American Diabetes Alert Day is March 25. Sponsored by the American Diabetes Association, the day is intended as a “wake-up call” to inform people about the seriousness of the disease and encourage them to get tested by their healthcare providers to see if they are at risk for developing diabetes. About a third of American adults with diabetes do not know that they have this serious disease.
Diabetes causes serious health problems including heart disease, stroke, blindness, kidney disease, gum disease and nerve damage. Diabetes can also cause serious problems with feet and legs, which can lead to amputations.
Diabetes is a disease that affects how the body uses food for energy. People hear a lot of conflicting information about diabetes, including what causes it, how it is diagnosed and how it is managed. It is important to know the truth about diabetes, and to separate diabetes myths from diabetes facts.
Myth: Diabetes can only be inherited.
Although diabetes does run in families, many people diagnosed with the disease have no close family members who have it. Lifestyle and other factors, such as certain viruses, may also increase the risk of developing the disease.
Myth: Someone knows they have diabetes from symptoms like weight loss or increased thirst.
A person with type 1 diabetes (usually seen in children and young adults) will have obvious symptoms, because insulin needed to process food for energy is missing. However, people with type 2 diabetes (which usually occurs later in life) is becoming prevalent in younger adults to include children or women with gestational diabetes (special diabetes which only appears during pregnancy) may have few or no symptoms. Only a blood test can tell for sure if someone has diabetes.
Myth: Drinking water will wash away the extra sugar in the blood and cure the diabetes.
A high blood glucose level cannot be “washed away” by drinking water. However, diabetes can be controlled by eating healthy food, being physically active, controlling body weight, seeing a health-care provider regularly, taking prescribed medications and consistently monitoring blood glucose levels.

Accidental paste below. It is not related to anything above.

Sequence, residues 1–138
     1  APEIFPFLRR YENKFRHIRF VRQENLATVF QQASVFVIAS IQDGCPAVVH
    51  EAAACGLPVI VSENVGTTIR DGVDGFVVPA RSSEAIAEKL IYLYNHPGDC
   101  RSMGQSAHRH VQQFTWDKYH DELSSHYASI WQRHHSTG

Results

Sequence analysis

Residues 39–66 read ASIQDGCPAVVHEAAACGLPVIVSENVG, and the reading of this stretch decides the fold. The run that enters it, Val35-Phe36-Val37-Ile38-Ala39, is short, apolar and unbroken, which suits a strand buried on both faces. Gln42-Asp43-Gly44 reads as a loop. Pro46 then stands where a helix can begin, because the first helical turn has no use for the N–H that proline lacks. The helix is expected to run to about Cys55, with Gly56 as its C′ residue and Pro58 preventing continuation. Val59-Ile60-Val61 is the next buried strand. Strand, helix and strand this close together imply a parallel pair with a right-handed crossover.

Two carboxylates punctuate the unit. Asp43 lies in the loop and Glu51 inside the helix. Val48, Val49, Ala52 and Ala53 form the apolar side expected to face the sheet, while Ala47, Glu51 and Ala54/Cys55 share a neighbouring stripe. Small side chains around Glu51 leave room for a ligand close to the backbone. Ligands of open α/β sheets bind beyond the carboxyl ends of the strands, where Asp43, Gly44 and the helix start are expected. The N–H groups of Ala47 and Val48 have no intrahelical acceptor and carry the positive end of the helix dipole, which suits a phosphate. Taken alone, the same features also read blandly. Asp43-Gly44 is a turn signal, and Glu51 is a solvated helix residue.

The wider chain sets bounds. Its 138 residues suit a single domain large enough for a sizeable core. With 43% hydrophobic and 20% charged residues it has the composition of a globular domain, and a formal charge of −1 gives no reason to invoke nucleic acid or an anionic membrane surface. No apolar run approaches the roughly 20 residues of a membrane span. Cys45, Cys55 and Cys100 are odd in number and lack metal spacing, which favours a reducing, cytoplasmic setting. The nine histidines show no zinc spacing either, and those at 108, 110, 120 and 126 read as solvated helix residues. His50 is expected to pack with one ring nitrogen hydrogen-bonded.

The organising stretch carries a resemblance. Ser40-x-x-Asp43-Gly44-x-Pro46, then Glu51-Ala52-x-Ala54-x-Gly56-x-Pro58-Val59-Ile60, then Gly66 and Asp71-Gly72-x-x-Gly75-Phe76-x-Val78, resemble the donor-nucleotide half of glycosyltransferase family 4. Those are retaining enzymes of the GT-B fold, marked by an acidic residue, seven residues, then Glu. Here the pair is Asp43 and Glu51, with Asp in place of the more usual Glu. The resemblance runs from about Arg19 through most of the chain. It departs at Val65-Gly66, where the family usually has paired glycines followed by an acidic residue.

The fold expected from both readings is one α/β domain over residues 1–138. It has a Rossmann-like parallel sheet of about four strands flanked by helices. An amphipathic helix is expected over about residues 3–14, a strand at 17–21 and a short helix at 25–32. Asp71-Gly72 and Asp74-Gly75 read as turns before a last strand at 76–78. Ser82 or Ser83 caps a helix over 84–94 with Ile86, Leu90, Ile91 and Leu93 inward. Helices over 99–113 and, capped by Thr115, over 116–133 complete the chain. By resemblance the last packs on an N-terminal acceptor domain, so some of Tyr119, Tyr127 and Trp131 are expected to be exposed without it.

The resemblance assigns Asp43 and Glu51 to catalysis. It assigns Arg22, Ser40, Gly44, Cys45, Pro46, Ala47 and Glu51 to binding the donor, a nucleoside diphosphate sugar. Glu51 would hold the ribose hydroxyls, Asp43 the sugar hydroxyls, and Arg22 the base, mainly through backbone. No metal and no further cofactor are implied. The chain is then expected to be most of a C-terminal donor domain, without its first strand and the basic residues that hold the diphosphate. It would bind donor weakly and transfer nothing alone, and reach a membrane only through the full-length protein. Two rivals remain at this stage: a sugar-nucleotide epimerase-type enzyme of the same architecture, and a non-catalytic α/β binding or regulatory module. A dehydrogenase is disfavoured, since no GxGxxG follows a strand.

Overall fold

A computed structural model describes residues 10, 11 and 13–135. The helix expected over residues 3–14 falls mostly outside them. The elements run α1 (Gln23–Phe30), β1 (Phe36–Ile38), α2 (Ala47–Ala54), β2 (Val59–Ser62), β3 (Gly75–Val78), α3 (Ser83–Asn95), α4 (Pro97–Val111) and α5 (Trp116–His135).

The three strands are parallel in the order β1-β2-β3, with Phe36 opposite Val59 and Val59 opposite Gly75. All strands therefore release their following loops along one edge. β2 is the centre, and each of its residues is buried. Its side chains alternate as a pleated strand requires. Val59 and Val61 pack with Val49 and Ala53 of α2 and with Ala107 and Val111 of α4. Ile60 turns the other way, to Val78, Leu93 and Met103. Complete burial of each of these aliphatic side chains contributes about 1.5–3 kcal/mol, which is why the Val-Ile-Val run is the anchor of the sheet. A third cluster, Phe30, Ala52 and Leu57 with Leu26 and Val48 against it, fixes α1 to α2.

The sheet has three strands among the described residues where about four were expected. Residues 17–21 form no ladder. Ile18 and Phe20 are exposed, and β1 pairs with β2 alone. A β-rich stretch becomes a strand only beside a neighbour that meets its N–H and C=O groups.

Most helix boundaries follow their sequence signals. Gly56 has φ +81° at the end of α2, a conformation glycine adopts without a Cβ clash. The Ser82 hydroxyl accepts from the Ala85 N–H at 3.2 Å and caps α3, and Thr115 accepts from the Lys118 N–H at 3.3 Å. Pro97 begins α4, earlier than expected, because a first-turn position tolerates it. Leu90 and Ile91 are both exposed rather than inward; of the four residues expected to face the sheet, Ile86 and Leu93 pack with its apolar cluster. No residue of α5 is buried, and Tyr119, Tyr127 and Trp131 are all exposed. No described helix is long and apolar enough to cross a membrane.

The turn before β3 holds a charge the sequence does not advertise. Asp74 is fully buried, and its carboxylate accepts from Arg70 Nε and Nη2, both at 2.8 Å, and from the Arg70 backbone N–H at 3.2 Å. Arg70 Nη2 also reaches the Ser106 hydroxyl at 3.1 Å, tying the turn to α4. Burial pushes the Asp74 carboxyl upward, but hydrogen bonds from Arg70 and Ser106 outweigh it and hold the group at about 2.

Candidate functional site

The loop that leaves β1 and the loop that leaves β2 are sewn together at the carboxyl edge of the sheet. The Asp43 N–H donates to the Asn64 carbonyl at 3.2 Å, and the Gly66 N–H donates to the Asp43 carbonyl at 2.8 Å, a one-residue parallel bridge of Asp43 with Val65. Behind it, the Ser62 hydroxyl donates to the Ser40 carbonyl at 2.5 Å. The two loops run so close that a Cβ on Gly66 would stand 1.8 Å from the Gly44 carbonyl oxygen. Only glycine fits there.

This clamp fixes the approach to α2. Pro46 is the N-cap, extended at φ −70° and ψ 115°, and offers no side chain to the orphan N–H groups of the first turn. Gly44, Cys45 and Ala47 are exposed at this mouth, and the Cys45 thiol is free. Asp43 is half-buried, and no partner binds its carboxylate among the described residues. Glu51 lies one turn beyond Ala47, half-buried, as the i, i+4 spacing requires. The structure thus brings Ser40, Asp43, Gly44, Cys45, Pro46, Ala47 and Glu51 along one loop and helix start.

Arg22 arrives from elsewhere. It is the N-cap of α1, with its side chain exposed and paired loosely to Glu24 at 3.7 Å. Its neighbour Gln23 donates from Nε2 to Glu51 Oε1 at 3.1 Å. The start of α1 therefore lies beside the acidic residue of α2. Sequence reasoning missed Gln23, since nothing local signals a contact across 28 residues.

Myth: Insulin is a cure for diabetes.
At this point, there is no cure for diabetes. However, medications and lifestyle changes can help control diabetes.
Myth: People with diabetes can never eat any sugar.
To control blood sugar, all sources of carbohydrates (such as bread, pasta and cereal) must be controlled. With careful planning, small amounts of sugar can replace other carbohydrates usually eaten at a meal. Too much sugar is bad for everyone – it provides only empty calories.
People of age 45 or older should find out if they are at risk for diabetes or if they already have pre-diabetes by talking to their healthcare provider at their next visit. Then, take small steps toward the bigger reward of both a healthier lifestyle and diabetes prevention and control.
According to the American Diabetes Association, some people are not diagnosed with the disease until seven to 10 years after onset. Early diagnosis is critical to preventing complications such as heart disease, blindness, kidney diseases, stroke and amputation.
For more information about diabetes, visit these Web sites:
• Diabetes prevention: www.ndep.nih.gov/
• National Diabetes Information Clearinghouse:
• American Diabetes Association: www.